•the direction in which electrons flow in the circuit, and how the flow of electrons changes with time,
    •how the potential differences across the resistor and the capacitor change with time,
    •the energy changes which take place in the circuit.
    Again, thank you! Added to the first post - your contribution to the thread is really appreciated


    Posted from TSR Mobile
    • Thread Starter
    Offline

    3
    ReputationRep:
    (Original post by Mehrdad jafari)
    I guess the examiners can make a six marks question out of an one mark question. The pattern is unpredictable


    Posted from TSR Mobile
    They can. That's why the subject is so hard. What are your personal predictions for each exam?


    Posted from TSR Mobile
    Offline

    3
    ReputationRep:
    (Original post by Lau14)
    I put together a list of all the six markers that have come up so I can refer back to them more easily and figured I might as well post them here in case anyone else finds it useful, so here's the unit 4 ones:
    Spoiler:
    Show
    January 2010 – Describe two causes of the energy losses in a transformer and discuss how these energy losses may be reduced by suitable design and choice of materials.

    June 2010 – Deep space probes often carry modules which may be ejected from them by an explosion. A space probe of total mass 500 kg is travelling in a straight line through free space at 160 ms–1 when it ejects a capsule of mass 150 kg explosively, releasing energy. Immediately after the explosion the probe, now of mass 350 kg, continues to travel in the original straight line but travels at 240 ms–1, as shown in Figure 2. Discuss how the principles of conservation of momentum and conservation of energy apply in this instance.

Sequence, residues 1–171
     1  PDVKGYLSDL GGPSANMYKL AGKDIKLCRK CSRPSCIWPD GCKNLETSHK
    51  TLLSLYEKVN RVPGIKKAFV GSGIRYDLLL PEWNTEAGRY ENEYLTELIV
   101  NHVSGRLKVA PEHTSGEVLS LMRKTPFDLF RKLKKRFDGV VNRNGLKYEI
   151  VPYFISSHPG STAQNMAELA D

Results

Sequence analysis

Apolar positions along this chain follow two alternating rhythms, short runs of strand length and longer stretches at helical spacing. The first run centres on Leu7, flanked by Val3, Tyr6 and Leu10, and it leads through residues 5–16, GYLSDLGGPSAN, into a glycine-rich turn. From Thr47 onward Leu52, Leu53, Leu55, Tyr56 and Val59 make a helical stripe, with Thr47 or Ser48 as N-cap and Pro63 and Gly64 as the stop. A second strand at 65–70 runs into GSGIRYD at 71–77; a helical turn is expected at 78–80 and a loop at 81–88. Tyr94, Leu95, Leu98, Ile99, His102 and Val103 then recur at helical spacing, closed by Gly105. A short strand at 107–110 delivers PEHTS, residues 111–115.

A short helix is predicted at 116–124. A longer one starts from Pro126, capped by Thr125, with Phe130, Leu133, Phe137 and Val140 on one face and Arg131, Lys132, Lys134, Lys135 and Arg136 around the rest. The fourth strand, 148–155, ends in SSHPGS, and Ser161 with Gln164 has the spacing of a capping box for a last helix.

January 2011 – A student was required to design an experiment to measure the acceleration of a heavy cylinder as it rolled down an inclined slope of constant gradient. He suggested an arrangement that would make use of a capacitor-resistor discharge circuit to measure the time taken for the cylinder to travel between two points on the slope. The principle of this arrangement is shown in Figure 2. [diagram needed!] Describe the procedure the student should follow, including the measurements he should make, when using this arrangement. Explain how he should use the measurements taken to calculate the acceleration of the cylinder down the slope. (I found this question easier doing part b first).

    June 2011 – Discuss the principles involved in high voltage transmission systems, explaining why a.c. is used in preference to d.c. and how the energy losses are minimised.

    January 2012 – Figure 5 shows an experimental arrangement that can be used to demonstrate magnetic levitation. The iron rod is fixed vertically inside a large coil of wire. When the alternating current supply to the coil is switched on, the aluminium ring moves up the rod until it reaches a stable position ‘floating’ above the coil. By reference to the laws of electromagnetic induction explain
    • why a current will be induced in the ring,
    • why the ring experiences a force that moves it upwards,